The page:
“We stand ready and willing to work with the President, if he is willing to go beyond tweets, to help us solve some of the problems that are deep enrooting in Baltimore’s history,” Scott said.

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The Black Man Who Saved Memphis: Robert R. Church

With a 7 p.m. parade down Beale Street to Church Park, Memphis celebrated the birth of Robert Reid Church Sr. as a part of the Memphis Bicentennial.

Mayor Jim Strickland issued a proclamation that was received by Ron Walters, general manager of WREG TV and a local historian. Mini speeches took place and good fellowship abounded.

One hundred eighty years ago, on June 18th in Holly Springs, Miss., Robert R. Church was born to a slave girl named Emmeline and Captain Charles B. Church. Owner and operator of two of the most patronized steamboats on the Mississippi River, Church transported cargo and passengers between Memphis and New Orleans.

In 1851, Emmeline died and Robert Church was sent to live with his father on the Mississippi River. Emmeline had secured Capt. Church’s pledge that her son Robert would never be sold to another slave owner.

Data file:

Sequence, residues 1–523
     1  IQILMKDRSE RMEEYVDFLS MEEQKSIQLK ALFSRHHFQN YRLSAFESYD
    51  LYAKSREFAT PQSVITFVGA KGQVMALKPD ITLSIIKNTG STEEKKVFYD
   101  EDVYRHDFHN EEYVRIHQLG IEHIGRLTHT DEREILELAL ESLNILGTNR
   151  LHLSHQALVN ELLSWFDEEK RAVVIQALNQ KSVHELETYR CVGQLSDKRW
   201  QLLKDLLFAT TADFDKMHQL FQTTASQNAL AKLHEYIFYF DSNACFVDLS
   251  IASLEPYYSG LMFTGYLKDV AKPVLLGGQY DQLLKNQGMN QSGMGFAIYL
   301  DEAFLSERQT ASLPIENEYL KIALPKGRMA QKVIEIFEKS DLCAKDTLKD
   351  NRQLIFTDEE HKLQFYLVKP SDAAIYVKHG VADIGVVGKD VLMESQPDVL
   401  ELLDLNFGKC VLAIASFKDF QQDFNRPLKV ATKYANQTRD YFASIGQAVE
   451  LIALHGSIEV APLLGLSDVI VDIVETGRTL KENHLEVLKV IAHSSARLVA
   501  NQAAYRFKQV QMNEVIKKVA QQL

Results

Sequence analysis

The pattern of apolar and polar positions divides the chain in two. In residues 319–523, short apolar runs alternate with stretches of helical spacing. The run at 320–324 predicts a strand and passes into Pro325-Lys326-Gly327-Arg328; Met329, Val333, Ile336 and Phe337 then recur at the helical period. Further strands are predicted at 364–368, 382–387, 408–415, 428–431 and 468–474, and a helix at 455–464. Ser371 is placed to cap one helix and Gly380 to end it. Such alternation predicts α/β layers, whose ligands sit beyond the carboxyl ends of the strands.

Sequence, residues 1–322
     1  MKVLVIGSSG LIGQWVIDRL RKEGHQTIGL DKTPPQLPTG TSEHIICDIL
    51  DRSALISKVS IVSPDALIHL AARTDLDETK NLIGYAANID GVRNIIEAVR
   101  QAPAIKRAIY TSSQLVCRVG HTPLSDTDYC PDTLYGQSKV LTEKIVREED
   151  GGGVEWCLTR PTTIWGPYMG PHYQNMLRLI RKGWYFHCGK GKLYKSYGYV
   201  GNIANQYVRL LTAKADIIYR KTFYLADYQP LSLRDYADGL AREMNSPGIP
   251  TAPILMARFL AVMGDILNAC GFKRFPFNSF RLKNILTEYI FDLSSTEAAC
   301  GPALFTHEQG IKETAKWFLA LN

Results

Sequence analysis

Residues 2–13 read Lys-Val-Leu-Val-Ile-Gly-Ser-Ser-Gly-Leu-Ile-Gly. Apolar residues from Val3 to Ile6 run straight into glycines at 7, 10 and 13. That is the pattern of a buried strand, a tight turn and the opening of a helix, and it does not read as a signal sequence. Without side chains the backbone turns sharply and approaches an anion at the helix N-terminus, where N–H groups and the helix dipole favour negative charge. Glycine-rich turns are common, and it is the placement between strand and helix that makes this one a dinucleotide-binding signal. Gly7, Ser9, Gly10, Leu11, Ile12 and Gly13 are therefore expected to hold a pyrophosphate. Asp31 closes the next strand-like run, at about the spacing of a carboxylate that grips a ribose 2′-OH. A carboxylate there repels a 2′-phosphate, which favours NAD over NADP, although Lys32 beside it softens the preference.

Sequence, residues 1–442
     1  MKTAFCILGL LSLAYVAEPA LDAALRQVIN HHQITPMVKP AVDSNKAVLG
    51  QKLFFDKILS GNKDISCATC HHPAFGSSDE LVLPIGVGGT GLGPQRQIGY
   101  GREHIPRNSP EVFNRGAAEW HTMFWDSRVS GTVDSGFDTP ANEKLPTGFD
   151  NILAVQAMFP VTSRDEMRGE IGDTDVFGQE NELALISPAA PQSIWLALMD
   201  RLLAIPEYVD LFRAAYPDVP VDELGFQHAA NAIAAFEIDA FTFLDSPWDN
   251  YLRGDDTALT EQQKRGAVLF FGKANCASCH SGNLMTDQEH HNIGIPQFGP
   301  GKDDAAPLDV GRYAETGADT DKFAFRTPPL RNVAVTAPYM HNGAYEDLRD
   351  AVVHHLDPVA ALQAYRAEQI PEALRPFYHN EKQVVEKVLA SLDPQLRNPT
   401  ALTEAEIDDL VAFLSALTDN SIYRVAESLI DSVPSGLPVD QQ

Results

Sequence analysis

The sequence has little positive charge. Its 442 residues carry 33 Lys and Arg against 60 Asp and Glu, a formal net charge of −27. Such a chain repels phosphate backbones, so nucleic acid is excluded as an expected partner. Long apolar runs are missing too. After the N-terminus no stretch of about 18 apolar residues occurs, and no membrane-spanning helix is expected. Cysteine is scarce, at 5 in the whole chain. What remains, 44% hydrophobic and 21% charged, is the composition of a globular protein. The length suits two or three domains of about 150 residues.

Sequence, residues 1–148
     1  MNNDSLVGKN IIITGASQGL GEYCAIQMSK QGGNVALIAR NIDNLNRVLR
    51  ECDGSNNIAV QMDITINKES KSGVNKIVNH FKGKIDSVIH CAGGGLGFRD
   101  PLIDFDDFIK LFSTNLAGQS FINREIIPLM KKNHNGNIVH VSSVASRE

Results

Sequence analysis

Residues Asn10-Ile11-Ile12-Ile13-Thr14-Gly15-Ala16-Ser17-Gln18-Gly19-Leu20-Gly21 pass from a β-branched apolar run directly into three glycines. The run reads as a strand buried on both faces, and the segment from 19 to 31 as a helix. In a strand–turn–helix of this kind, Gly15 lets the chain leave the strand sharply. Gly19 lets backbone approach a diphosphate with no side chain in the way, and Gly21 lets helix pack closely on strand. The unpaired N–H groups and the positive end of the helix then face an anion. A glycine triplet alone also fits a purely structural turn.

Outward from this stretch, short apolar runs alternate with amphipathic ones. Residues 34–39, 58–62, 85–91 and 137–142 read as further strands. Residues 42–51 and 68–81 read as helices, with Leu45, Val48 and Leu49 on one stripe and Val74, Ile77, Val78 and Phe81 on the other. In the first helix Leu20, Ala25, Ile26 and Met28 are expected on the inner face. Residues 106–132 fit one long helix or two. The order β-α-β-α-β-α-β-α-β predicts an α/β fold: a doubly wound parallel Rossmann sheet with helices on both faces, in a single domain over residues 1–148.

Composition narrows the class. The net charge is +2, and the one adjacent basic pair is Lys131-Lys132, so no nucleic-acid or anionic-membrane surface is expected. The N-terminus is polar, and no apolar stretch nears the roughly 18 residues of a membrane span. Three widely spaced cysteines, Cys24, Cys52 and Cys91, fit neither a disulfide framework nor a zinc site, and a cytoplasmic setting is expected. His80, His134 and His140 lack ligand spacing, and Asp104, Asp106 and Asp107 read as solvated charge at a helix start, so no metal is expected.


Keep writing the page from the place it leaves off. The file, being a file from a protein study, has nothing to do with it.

Sending Robert to his father was his intended passport to the North and the best education money could buy. Church bonded with his son, deciding to raise him and teach him the steamboat business.

From errand boy to steward, Robert served as an assistant to his father in many capacities, learning the principles of business, with an emphasis on bookkeeping. Capt. Church taught Robert to read and count receipts in French. A fast learner, Robert listened intently to his father’s instructions.

“Be considerate of others but always demand respect for self,” admonished Captain Church to his son. “Never allow anybody to call you a nigger.”

This hands-on education and the 11-year apprenticeship thoroughly prepared Robert for the tumultuous life he would face in the fast-growing river town of Memphis and the bustling street called Beale.

On June 6, 1862, the Civil War registered in Memphis as the Federal Fleet arrived in the Memphis Harbor with cannons blasting. Robert Church was serving as steward of the Victoria. When federal troops took over the Victoria, Robert was forced to make a decision: Be killed or be captured and become a prisoner of war. Robert chose to jump into the river and swim to the muddy banks of Memphis.

With the savings from his work on the river, Robert entered business in Memphis. His first investments were in real estate and soon he expanded to hotels, pool halls, brothels, saloons and, ultimately, a bank.